There are many Christians who believe that we should not read the Qur’an or that reading it is unnecessary. Reading the Qur’an may not be your first choice reading, but reading it through it may have some benefits.
First, it gives you leverage. When you ask a question or make an argument about the Qur’an, a Muslim friend may ask you if you’ve taken the time to read their holy book. When you answer in the affirmative, it gives them pause and shows that you’ve taken the time to understand their religion and the arguments you’re making. You can even challenge them to read the Bible with good grounds. It also shows that you take your faith seriously. You’re not just blindly accepting your faith. You know why you believe what you believe.
Secondly, reading the Qur’an can help us in our witness as well as understanding the differences between the Qur’an and the Bible. It can help us to grow in our Christian faith, securing us even more in what we believe.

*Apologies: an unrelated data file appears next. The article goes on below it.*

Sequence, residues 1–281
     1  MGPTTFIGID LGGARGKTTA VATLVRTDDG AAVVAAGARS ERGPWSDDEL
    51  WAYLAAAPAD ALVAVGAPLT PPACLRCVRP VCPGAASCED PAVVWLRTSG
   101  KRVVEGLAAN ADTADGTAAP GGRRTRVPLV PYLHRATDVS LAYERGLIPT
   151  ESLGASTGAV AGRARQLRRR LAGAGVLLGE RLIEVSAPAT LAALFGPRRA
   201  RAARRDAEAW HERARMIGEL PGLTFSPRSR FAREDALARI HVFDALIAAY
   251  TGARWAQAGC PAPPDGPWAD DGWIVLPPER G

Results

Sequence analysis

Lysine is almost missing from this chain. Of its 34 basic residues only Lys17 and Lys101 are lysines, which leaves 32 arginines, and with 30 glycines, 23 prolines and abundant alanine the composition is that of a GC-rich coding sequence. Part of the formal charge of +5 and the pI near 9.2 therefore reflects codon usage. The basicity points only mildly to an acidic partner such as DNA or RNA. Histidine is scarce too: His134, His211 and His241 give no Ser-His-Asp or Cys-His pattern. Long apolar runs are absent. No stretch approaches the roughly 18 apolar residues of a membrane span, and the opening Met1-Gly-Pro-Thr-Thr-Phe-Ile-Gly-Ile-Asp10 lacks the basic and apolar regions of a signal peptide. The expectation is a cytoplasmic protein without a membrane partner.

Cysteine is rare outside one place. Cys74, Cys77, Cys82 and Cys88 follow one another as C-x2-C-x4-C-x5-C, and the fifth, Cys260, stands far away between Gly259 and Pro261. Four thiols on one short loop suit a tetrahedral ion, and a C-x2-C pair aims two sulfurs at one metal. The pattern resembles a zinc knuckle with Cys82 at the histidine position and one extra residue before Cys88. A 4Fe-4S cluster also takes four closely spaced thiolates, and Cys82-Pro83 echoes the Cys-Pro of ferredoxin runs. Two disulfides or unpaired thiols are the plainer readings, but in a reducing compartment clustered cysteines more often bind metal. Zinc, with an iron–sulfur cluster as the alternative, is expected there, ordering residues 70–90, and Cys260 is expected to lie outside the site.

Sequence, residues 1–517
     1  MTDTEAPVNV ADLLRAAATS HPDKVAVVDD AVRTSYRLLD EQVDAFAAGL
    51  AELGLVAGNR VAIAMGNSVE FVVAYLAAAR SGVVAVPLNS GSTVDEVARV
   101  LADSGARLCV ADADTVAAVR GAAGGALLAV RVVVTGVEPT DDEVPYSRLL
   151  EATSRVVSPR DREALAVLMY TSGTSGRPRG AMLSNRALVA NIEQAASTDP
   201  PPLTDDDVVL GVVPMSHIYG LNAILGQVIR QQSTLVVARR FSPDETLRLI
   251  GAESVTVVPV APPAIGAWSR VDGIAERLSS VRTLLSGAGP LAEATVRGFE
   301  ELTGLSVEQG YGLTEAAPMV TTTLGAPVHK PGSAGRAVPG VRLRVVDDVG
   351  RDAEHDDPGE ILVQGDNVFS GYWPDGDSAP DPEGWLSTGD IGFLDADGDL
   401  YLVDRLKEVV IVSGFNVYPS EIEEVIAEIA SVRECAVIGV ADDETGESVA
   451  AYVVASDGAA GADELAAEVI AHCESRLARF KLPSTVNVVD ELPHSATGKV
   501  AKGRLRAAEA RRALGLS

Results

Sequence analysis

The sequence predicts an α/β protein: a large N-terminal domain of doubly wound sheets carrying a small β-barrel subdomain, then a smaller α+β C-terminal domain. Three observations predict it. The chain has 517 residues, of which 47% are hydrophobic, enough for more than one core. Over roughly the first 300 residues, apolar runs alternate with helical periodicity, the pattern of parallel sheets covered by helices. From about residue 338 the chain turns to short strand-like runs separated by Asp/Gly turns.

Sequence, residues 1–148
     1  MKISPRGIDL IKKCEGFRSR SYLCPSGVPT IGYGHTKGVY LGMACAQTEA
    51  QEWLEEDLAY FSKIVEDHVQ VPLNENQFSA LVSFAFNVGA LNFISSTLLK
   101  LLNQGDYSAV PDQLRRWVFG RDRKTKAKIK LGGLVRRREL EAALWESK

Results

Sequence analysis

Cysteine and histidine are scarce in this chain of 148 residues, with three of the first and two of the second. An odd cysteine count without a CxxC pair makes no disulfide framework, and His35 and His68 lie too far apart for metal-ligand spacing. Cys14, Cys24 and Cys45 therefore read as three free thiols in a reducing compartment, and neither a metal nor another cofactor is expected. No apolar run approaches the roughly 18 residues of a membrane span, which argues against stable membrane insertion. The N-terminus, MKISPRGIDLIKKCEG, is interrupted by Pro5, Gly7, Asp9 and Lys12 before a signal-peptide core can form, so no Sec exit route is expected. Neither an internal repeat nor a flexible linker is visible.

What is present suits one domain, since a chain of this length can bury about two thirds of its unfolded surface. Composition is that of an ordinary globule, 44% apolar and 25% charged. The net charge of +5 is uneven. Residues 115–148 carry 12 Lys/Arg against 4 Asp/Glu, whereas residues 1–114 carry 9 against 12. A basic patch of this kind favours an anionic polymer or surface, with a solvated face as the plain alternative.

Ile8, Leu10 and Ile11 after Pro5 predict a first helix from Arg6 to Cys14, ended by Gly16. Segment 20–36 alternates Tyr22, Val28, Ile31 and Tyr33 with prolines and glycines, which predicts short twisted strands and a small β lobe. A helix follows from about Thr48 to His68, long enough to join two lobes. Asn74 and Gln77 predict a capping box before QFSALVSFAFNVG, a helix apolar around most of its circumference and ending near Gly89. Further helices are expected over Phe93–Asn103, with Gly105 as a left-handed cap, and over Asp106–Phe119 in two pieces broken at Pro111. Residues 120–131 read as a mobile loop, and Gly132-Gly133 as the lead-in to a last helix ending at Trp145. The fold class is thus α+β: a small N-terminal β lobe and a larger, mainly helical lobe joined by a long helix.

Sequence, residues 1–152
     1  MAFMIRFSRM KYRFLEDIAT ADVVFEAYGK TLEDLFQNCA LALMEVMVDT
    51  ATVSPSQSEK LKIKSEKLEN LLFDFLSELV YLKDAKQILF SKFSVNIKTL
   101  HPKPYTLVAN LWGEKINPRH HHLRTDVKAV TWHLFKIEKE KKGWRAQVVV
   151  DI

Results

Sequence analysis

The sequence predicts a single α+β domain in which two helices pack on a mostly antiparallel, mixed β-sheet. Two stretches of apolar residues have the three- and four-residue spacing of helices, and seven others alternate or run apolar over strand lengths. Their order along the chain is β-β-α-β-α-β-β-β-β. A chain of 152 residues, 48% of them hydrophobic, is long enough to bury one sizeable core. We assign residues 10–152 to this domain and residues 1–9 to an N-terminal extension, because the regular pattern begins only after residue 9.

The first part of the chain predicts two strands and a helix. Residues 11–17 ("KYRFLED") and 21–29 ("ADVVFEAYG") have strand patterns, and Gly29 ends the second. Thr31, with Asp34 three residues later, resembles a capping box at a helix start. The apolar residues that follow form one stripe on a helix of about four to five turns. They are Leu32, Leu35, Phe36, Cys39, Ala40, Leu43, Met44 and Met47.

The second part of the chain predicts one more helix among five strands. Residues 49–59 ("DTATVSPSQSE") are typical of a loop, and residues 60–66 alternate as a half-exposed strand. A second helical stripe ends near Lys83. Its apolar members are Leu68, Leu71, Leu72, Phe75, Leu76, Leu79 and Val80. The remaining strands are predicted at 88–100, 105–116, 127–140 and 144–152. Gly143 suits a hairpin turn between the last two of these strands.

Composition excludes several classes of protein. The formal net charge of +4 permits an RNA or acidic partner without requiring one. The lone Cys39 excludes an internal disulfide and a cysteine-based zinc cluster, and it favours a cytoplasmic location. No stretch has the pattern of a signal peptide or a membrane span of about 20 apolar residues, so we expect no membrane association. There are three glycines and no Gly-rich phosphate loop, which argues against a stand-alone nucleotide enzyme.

Before you set out to read the Qur’an, if you think it would be helpful to read, it’s important to know that it is not light reading. Many find it repetitive and confusing, and is very difficult to read from cover to cover. But if you are going to reject a book and critique its religion, it’s important that you work hard to grasp its message. Remember, the revelation was given over a period of decades, and each verse has a particular scriptural and historical context. The themes of the Qur’an are interwoven among the chapters, and the book is not in chronological order. Despite the challenges of reading the text and understanding its message, there are more tools and resources available to help Christians read than ever before.